Throughout the semester, I have definitely learned that sustainability encompasses many different types of concepts as well as challenges. It is essentially all of the processes and ways that go into us humans living within our means here on Earth so that we not only reduce our negative impact on the environment, but we also behave in a socially-responsible way that benefits our own communities and society as a whole. Sustainable design basically takes all of these concepts and implements them into every aspect of the design process when creating physical goods such as apparel products and built environments such as buildings, and even entire cities.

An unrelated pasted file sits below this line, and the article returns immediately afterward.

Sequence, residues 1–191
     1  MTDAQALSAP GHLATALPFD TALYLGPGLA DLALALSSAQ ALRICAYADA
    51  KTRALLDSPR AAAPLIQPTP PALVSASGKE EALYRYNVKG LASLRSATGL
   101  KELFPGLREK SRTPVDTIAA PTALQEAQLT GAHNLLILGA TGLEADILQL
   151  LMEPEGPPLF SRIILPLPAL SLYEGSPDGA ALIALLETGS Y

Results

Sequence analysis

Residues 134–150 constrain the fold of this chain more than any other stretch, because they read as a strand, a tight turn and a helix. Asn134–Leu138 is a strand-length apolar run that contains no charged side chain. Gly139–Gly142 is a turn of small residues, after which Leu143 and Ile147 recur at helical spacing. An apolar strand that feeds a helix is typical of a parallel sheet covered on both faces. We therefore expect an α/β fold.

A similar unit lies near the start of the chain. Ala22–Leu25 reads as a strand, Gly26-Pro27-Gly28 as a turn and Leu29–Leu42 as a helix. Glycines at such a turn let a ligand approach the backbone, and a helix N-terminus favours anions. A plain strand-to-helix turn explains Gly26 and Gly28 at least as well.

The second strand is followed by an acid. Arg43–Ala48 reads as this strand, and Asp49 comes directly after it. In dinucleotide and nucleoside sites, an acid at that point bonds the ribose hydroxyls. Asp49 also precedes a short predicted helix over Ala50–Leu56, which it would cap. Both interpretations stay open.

After this class, I view sustainable design as having two segments: environmentally-oriented sustainable design and socially-oriented sustainable design. The environmentally-oriented part of sustainable design involves using theories such as industrial ecology and biomimicry as foundations for the actual design process so that energy and resources are used in the most efficient way possible. Environmentally-oriented sustainable design also aims at minimizing waste as well as minimizing, if not completely doing away with, the amount of toxic chemicals that are emitted into our environment in all phases of a product’s life including the gathering of resources, the production phase, the merchandising phase, and the consumption phase. Socially-oriented sustainable design typically involves concepts such as empathic design, emotional attachment, the focus on human needs, social entrepreneurism, and design activism. I view this type of sustainable design as emphasizing on things such as employing local citizens in the production of products or designing with the consumer in mind so that a product’s life is maximized; therefore, combatting the issue of overconsumption, at least to a degree. This also involves implementing fair and ethical practices along the supply chain such as fair treatment and pay of workers. Another thing that goes into socially-oriented sustainable design is designing in a way that benefits a cause or is a catalyst for change in the world.